Teachers Haven’t Failed Students—Historians Have

Jul 10, 2011 by

 

 

She contained my wayward prose, to be sure, but she also fought me every step of the way on the virtues of consumer culture and the politics of populism with substantive queries that made her sound like a colleague. Unlike the overwhelming majority of those colleagues, at least the Americanists among them, I’m in favor of the former and skeptical of the latter.

I’m here to report on a cognate disagreement she had with me. This one was about the historical consciousness of the American people—or the lack thereof. It speaks directly to my differences with our discipline, and, more to the point, it speaks directly to the questions raised by a recent report on the historiographical proficiency of twelfth graders. And these are of course the questions raised by the New York Times in its last Week in Review, asking whether its most studious readers—the people who bother with the editorial pages—could pass the test given to twelfth graders and reported as a National Assessment of Education Progress. The headline of the article could have been ripped from the title of Rick Shenkman’s book: “How Stupid Are We?”

Here’s what I wrote in the first chapter of my new book:

“And then I thought, we Americans, who are said to lack a sense of history, we actually excel at understanding backward because historical narratives are what constitute us as a people and a nation: to be an American is to argue about what it means to be an American, and the only way to get into the argument is to think historically, to figure out what “original intent,” or slavery and civil war—or corporate “persons” entitled to free speech—can mean in the present, where we live forward.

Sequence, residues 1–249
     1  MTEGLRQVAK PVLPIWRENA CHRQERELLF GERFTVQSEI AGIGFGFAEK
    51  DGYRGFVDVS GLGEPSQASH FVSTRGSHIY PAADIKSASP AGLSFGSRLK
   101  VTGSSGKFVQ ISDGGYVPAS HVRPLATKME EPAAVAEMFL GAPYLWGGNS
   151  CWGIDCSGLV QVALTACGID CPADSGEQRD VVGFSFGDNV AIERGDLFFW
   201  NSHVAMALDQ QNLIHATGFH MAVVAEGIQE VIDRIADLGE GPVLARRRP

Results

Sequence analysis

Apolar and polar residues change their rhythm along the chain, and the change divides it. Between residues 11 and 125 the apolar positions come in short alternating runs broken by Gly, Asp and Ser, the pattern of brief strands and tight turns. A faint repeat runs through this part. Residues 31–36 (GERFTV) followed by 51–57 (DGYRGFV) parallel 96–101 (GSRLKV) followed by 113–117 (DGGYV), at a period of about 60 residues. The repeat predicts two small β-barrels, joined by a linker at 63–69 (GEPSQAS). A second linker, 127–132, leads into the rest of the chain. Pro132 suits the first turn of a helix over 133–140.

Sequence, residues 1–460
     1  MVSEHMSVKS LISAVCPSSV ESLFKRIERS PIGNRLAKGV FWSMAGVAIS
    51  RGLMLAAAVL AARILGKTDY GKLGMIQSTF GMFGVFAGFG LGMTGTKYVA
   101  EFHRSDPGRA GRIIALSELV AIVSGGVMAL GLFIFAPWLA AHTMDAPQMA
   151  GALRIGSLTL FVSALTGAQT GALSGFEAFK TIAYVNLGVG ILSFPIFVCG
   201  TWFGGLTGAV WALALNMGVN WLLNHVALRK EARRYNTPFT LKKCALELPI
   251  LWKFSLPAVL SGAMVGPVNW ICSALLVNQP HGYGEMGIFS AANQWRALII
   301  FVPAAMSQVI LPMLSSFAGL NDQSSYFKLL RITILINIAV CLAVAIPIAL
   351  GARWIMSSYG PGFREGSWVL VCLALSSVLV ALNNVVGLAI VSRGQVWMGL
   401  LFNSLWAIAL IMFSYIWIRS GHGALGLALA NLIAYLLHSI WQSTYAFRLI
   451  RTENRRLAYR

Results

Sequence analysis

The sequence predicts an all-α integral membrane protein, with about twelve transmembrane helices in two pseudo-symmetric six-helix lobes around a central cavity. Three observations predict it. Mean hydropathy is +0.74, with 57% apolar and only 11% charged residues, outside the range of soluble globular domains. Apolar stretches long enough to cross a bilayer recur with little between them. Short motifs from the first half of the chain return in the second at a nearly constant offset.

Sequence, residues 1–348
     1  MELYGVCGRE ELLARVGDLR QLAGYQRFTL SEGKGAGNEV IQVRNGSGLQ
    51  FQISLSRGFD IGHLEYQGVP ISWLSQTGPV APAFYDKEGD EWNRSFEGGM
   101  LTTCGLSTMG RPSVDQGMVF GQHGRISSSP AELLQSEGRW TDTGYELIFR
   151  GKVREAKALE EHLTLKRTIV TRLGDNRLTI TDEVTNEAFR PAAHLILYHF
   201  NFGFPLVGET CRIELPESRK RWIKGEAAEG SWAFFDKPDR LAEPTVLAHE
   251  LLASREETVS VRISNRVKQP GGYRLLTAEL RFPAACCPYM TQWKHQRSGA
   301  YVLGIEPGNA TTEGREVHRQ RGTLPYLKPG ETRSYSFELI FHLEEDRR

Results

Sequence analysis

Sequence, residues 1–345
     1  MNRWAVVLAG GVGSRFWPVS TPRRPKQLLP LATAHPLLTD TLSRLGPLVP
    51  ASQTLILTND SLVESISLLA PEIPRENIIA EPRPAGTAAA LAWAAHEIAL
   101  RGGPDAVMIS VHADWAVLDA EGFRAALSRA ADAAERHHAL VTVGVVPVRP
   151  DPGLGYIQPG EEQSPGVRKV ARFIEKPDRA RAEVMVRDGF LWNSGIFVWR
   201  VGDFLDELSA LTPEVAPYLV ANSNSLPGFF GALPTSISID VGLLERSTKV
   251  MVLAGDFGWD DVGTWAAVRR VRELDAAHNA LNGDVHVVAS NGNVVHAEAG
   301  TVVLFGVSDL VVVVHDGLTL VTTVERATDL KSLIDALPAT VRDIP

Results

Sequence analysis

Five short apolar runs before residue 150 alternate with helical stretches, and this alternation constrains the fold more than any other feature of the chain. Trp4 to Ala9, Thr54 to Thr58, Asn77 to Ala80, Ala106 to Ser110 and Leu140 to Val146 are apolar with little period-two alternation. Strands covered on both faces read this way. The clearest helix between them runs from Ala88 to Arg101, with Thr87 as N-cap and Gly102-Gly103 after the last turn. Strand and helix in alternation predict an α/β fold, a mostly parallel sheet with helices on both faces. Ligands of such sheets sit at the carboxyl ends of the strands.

“And then, finally, I thought, OK, but maybe this historiographical excellence of ours has become a curse. So I asked myself one more question: does our eagerness to understand backward sometimes make us prisoners of the past?”

Here’s how the copy-editor responded:

Au: This doesn’t ring quite true. I think it’s a rarefied few who are that contemplative or frankly even knowledgeable about original intent, etc. I think when it comes to the nuts and bolts of our early history most Americans are like the kids at the beginning of Mad Max with their shred of flag and jumbled pledge of allegiance. I agree that this historical perspective is integral to understanding if you’re motivated to understand, but I don’t buy that most Americans struggle with original intent, etc. Recast with a narrower net?

II

I’d bet that 90 percent of professional historians agree with her, and that a similar percentage of the intellectuals at large would, too. They would agree that Americans have excelled at escaping the past rather than grasping it as the condition of innovation in the present. And maybe they’re right.

Starting over, self-fashioning, heading for the territory, exporting the social question, put it any way you want, that frontier where the Old World doesn’t matter has always beckoned—it’s always postponed the day of reckoning with realities determined by History (by “civilization,” in Huck’s terms). You don’t need Frederick Jackson Turner to make the case or fill out the footnote, or to accuse Americans of an “exceptionalist” faith in their exemption from historical laws of motion. Herman Melville put it this way in Clarel, the epic poem of 1874: “The vast reserves, the untried fields,/ These shall long keep off and delay the class war,/ The rich and poor man fray.”

via Because the Past is the Present, and the Future too..

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